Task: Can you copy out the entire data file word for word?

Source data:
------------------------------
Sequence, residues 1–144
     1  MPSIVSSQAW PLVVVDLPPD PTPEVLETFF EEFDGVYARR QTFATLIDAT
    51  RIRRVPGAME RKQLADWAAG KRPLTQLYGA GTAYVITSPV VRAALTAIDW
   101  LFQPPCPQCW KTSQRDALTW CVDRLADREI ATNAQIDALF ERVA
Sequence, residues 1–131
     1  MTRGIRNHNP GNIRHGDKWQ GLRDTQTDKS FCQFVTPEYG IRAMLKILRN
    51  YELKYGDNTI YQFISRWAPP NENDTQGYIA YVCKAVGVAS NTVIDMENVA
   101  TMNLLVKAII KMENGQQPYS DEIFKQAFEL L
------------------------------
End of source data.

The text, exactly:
Sequence, residues 1–144
     1  MPSIVSSQAW PLVVVDLPPD PTPEVLETFF EEFDGVYARR QTFATLIDAT
    51  RIRRVPGAME RKQLADWAAG KRPLTQLYGA GTAYVITSPV VRAALTAIDW
   101  LFQPPCPQCW KTSQRDALTW CVDRLADREI ATNAQIDALF ERVA
Sequence, residues 1–131
     1  MTRGIRNHNP GNIRHGDKWQ GLRDTQTDKS FCQFVTPEYG IRAMLKILRN
    51  YELKYGDNTI YQFISRWAPP NENDTQGYIA YVCKAVGVAS NTVIDMENVA
   101  TMNLLVKAII KMENGQQPYS DEIFKQAFEL L